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With nothing to sell, Vietnam gas stations start to close

With nothing to sell, Vietnam gas stations start to close

Deliveries fail to arrive, disrupting life in a nation that relies on motorbikes

Tens of millions of Vietnamese depend on motorbikes to get to work and school, but many drivers in Ho Chi Minh City are now having trouble finding gas.   © Vietnam News Agency

HANOI — Gasoline stations in and around Ho Chi Minh City, Vietnam’s economic engine, are being forced to suspend operations due to shortages of the fuel.

A tangle of reactions to a constrained petroleum market — including government price controls and distributors’ decreasing profits — has worsened the matter, increasing the burden on domestic refineries.

While these refineries are moving to increase gasoline production, it will take time for Vietnam to fully solve the fundamental problems behind its petroleum crisis.

The government in mid-October called on two refineries to boost output to the maximum extent possible in a bid to meet domestic demand. The government also asked distributors to speed deliveries to gas stations.

PetroVietnam, the country’s largest state-run oil company, has responded by raising the operation rate of its Dung Quat refinery in the central province of Quang Ngai to 109% from 107%. A refinery executive said the rate can be pushed to 110% or even higher, should the government make further requests.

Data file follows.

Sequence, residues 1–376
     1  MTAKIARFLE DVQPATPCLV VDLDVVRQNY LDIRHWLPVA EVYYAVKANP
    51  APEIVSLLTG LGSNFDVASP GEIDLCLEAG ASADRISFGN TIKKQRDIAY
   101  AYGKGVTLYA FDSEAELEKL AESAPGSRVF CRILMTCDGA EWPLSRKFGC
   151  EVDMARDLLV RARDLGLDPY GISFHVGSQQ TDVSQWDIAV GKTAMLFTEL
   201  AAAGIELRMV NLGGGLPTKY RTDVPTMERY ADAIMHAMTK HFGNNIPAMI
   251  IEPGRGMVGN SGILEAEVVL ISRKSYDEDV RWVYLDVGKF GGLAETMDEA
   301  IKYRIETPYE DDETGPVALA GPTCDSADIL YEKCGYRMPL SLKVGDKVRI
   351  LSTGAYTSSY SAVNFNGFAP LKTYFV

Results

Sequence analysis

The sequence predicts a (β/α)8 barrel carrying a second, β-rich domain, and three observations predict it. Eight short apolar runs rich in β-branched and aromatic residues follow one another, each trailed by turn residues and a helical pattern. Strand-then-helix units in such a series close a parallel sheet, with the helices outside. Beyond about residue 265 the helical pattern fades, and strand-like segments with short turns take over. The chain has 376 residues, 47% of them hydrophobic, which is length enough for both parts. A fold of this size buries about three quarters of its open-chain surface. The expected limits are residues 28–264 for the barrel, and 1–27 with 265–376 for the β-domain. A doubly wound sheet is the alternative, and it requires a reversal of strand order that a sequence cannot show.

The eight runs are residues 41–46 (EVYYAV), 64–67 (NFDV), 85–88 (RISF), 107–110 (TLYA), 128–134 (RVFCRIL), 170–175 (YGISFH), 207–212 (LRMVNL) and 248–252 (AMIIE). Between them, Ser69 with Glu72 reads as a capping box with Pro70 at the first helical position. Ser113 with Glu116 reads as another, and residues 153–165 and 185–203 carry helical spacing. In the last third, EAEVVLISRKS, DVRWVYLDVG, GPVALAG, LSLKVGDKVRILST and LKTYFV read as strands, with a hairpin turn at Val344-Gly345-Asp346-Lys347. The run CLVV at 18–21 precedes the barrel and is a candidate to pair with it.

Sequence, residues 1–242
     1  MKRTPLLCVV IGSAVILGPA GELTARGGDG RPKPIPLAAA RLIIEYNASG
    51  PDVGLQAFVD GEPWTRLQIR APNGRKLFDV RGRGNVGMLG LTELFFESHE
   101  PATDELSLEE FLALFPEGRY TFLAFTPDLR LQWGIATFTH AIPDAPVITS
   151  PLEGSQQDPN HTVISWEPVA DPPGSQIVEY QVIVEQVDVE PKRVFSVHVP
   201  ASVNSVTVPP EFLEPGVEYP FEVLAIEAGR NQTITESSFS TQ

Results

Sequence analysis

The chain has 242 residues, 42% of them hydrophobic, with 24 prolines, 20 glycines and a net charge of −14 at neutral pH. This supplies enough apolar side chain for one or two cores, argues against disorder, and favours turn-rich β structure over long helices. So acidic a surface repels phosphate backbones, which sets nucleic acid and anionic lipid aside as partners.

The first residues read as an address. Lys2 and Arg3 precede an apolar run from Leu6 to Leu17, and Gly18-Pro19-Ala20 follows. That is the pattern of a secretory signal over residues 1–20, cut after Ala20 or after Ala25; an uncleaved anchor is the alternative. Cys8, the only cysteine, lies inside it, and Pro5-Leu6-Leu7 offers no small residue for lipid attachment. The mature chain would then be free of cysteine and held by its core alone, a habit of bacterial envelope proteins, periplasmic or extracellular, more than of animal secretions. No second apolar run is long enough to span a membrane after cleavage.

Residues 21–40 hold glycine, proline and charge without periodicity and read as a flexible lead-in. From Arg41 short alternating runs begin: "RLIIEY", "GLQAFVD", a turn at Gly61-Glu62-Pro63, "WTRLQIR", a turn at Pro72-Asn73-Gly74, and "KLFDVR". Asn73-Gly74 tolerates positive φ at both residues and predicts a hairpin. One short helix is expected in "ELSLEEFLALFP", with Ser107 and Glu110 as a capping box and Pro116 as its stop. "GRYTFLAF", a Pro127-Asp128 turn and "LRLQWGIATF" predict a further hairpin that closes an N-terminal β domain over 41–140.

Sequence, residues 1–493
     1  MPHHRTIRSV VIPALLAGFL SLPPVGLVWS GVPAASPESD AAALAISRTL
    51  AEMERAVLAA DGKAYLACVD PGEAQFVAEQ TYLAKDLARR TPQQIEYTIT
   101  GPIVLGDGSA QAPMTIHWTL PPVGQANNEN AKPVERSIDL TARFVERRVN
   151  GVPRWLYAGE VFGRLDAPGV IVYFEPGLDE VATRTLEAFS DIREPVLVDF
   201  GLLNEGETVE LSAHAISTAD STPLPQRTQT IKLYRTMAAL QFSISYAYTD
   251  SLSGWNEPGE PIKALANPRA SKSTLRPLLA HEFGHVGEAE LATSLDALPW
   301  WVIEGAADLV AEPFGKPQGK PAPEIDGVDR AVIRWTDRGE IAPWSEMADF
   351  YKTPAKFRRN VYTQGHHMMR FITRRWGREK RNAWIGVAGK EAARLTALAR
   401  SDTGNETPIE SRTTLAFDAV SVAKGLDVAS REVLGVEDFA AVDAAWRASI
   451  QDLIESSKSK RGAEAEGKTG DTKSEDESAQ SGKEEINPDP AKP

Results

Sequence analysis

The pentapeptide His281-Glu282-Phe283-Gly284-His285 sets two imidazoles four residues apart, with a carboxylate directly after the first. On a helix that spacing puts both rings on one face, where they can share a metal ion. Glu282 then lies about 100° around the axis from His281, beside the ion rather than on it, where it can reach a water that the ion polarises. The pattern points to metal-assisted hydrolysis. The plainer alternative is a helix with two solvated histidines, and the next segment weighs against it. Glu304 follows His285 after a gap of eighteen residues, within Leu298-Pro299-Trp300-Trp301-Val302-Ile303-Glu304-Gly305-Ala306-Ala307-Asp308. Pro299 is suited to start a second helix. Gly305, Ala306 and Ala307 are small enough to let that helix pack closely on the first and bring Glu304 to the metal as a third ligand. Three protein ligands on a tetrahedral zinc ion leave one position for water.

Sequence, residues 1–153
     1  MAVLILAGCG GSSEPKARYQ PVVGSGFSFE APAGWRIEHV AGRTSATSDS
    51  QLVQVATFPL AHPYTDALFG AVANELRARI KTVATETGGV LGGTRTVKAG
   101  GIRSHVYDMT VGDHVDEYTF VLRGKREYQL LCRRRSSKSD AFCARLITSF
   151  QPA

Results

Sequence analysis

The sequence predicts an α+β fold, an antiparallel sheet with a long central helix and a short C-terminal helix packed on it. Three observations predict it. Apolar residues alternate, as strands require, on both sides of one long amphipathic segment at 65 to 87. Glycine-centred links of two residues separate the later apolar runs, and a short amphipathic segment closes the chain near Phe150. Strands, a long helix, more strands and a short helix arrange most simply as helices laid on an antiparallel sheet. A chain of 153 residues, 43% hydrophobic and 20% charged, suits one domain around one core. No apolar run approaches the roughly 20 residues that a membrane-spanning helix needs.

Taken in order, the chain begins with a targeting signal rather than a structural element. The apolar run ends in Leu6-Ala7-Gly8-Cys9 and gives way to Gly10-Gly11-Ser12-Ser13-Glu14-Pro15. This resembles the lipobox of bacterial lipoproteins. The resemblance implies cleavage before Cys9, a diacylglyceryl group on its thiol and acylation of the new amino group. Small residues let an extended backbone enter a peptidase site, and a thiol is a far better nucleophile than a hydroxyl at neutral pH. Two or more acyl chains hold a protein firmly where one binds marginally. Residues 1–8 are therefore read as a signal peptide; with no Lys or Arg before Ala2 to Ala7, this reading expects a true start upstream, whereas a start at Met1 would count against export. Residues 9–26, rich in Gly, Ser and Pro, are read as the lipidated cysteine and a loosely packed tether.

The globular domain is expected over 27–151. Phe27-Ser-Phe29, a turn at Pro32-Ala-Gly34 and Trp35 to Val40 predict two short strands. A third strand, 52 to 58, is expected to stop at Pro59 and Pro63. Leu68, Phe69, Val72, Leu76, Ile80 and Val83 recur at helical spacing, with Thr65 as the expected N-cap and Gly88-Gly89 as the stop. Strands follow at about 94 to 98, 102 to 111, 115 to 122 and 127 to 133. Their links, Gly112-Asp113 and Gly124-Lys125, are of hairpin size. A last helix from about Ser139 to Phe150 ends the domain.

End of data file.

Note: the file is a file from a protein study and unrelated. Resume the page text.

Oil refineries generally save some production capacity even when declaring they are running at 100%. When they crank up production during emergencies, their operation rate can surpass 100%.

At the Nghi Son refinery in the northern province of Thanh Hoa, in which Idemitsu Kosan of Japan has a major stake, production at the beginning of the year had to be substantially cut as it failed to procure sufficient funds to import crude oil. Since April, however, the refinery has been operating near full capacity. According to a refinery source, the plant can afford to increase its operation rate.

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